Giannis Antetokounmpo doesn't turn 27 till December. He just wrapped up his eighth season and ranks 523rd in league history in minutes played.
For most players, those numbers would mean it's way too early to analyze their place among the all-time greats, but not for Giannis. After three seasons that included two MVP wins, a Defensive Player of the Year nod, a Finals MVP and one of the greatest postseason performances of all time, he's earned a spot in the discussion.
"It's more than a title," Bill Simmons said of Giannis' championship on The Bill Simmons Podcast. "At some point, you're talking about legacy and history. And we're going to have the 75th anniversary coming up. He was not on that list. He was not one of the best 25 players ever. He wasn't going to be mentioned with [Shaquille O'Neal] and Hakeem [Olajuwon] and Moses [Malone]. And now, he's there."
That doesn't mean he's suddenly in the GOAT conversation with LeBron James, Michael Jordan or fellow Milwaukee Bucks champion Kareem Abdul-Jabbar, but he could be in that top 25-30 range, depending on what you emphasize.
Those who are impressed by peaks are likely more inclined to move Giannis up the ladder. Those who are big on accomplishments like individual awards and titles are closer to them than the next group. And then there are those who care more about longevity.
Of course, that is where Giannis is behind most of the all-timers. And that should be obvious. He's 26, and unlike any player we've seen before, which raises the question: Should we even be doing this at all?
"Right now, let's just appreciate him," four-time All-Star and National Basketball Retired Players Association board member Shawn Marion told Bleacher Report. "He's an anomaly."
"We need to stop comparing players to players," Marion added. "Let's be real right now. His skill set is so dynamic, so unique, that you can't really compare it to anybody. When was the last time you saw a big go coast-to-coast and dunk the way he does? When you look at him, you look at him as a center guard. He's big enough to play center, but he also handles the ball enough to be a guard. That's the uniqueness about him."
Hall of Famer, two-time champion and 1978 MVP Bill Walton shared similar sentiments.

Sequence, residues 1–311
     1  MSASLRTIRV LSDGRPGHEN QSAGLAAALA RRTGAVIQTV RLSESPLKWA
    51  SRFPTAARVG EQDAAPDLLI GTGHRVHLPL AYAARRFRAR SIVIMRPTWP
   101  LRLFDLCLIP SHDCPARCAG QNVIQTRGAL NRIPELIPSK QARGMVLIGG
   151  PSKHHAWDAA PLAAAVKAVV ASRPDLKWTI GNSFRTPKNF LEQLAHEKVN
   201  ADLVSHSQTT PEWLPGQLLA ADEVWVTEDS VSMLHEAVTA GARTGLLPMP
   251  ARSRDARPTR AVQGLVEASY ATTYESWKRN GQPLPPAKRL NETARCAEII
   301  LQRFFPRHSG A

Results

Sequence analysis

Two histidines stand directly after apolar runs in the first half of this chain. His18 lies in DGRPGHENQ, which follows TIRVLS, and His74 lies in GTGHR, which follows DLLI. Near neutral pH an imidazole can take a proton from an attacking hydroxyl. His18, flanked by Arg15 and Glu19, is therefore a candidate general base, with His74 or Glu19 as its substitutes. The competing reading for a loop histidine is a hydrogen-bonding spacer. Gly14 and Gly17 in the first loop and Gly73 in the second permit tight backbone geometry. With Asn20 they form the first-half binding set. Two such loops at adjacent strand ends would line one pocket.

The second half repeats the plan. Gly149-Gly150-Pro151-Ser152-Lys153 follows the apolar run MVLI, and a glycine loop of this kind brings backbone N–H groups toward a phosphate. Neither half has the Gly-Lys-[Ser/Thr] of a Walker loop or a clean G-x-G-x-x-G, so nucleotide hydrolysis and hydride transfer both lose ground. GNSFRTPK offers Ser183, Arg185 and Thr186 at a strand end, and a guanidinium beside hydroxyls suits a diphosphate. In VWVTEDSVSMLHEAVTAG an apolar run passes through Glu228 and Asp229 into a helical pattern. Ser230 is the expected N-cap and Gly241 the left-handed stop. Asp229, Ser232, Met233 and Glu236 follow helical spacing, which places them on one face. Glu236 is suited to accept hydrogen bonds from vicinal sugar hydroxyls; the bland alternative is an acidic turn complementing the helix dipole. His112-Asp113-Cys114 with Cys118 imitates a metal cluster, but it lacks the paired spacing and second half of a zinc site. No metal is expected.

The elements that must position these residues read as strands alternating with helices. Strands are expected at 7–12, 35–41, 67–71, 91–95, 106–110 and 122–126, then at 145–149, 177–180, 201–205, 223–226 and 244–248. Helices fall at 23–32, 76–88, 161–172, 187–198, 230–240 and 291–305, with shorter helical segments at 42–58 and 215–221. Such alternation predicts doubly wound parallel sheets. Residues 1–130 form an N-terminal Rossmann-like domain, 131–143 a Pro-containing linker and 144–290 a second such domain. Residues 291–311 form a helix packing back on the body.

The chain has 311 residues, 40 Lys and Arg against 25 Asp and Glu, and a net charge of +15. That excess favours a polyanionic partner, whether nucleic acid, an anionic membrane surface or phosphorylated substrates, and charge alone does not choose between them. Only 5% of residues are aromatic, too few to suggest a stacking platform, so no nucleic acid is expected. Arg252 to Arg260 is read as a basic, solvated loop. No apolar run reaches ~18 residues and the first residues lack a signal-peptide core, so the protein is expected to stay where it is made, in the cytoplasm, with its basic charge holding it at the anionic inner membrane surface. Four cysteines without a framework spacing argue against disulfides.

"Everything has to be ranked," he told Bleacher Report. "Everything has to be compared to something else. And that's just not the life that I live. I enjoy every champion. And I really enjoy Giannis. Skill, talent, work ethic, passion, imagination. He's really a gift from the gods. He represents all the things that I really love."
Tensions between the approaches of analysts like Simmons and former players such as Marion and Walton in these discussions aren't new. On the media side, there's a desire to break everything down. Starting debates is fun. For the players who've experienced a level of basketball most fans and analysts can only dream of, pushing appreciation over argument makes sense.
Giannis has more or less forced our hand, though. Over his last three to five seasons, he's filled up his resume faster and more thoroughly than anyone could've imagined before this run started.
"He'd no doubt be top 50 if this was re-done, and you can look at that top 30 to top 20 group to get an idea of where he's going with some more MVP-type seasons," Back Picks' Ben Taylor, who has his own all-timer list, told Bleacher Report. "From a resume standpoint, he's already going to be ahead of all but, like, 20 or 30 dudes in league history (assuming too much isn't placed on career totals and longevity)."
Depending on how you frame that resume, the list might not even be that long.
Giannis is one of just 14 players in league history to win more than one MVP award. Of those 14 players, 12 have championships (Steve Nash and Karl Malone are the two on the outs there). Then, Giannis and Michael Jordan are the only two of those 12 with a DPOY. Of course, that last award wasn't given out till the 1982-83 season, which rules out all of Bill Russell's career and most of Kareem Abdul-Jabbar's.
Still, even if you want to add those two and Tim Duncan (who's lack of a DPOY is almost inexplicable), Giannis is in very limited company in terms of accolades. Add five All-NBA selections, four All-Defense selections, five All-Star nods and a Most Improved Player of the Year award, and it's easy to see why Basketball Reference's Hall of Fame probability model already has Giannis at 67.9 percent (and that model assumes the player would retire today).
In terms of numbers, Giannis' peak is already about as high as any power forward you can think of. Over the last five seasons, his box plus/minus is a whopping 8.6 (BPM is "...a basketball box score-based metric that estimates a basketball player's contribution to the team when that player is on the court, according to Basketball Reference).